Tokyo office rents increase for first time in 3.5 years – JAPAN PROPERTY CENTRAL K.K.

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In December, office rents in central Tokyo saw the first month-on-month increase in 3.5 years. According to brokerage Miki Shoji, the average monthly rent per tsubo was 19,748 Yen (5,975 Yen/m2), up 22 Yen from the previous month and the first increase since July 2020.

Vacancies are shrinking in prime locations as companies seek to attract new employees by being in more appealing locations. Chiyoda’s vacancy rate dropped by 0.02 points from the previous month to 3.17%, and is at the lowest level since November 2020.  

The vacancy rate in existing buildings was 5.32%, and 32.15% in brand-new construction. 

A survey of tenant needs carried out by Mori Building between September and October found that 27% planned to lease new space, up 3 points from 2022 and the highest share since 2019. Of the respondents who plan to lease new space, 55% of them are looking to expand their floor space (in 2020 this share was just 33%). The top two reasons for seeking new office space were to [1] move to a building in a better location, and [2] move to a building with better facilities. 14% of respondents reported adjustments to the rents they were paying, with approximately two-thirds of those being rental increases.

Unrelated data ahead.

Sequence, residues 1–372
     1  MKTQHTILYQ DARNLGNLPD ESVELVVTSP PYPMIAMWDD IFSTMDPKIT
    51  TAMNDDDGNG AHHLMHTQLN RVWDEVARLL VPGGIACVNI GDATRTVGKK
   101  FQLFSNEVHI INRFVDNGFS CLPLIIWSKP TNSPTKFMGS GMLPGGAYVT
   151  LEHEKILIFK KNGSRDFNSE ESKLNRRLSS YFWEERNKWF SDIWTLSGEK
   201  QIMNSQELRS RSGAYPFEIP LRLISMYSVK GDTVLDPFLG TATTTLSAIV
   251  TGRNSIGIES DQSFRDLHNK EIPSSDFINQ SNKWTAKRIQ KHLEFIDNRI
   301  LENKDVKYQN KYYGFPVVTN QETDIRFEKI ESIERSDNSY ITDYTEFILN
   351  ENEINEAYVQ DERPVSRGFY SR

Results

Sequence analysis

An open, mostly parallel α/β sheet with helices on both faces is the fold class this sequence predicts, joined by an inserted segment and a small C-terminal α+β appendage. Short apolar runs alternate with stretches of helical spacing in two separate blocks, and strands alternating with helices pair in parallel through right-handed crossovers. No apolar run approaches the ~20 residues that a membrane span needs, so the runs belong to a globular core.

Shibuya Sakura Stage, a large-scale mixed-use development on the southern side of Shibuya Station, was 95% leased at the time of the building’s completion in November, according to the Nikkei Shimbun. Some smaller office space in some of the buildings is currently advertised for between 30,000 ~ 36,000 Yen per tsubo. 

Large neighborhood redevelopment projects can pull up market rents as companies seek to move there. The revitalization of the Shibuya Station area has seen average rents in December increase by 0.9% from the previous month. 

Tokyo won’t see as much new office space added in 2024 with Mori Building estimating the supply in newly-constructed large-scale buildings in the 23 wards to be 730,000 m2, down 40% from 2023. This is likely to alleviate the downwards pressure on office rents. It isn’t good news for every district, with the waterfront districts in Minato and Chuo, and the older, inferior office buildings seeing vacancies increase. 

Sources:
Miki Shoji, January 11, 2024.
Mori Building News Release, December 14, 2023.
The Nikkei Shimbun, January 12, 2024.

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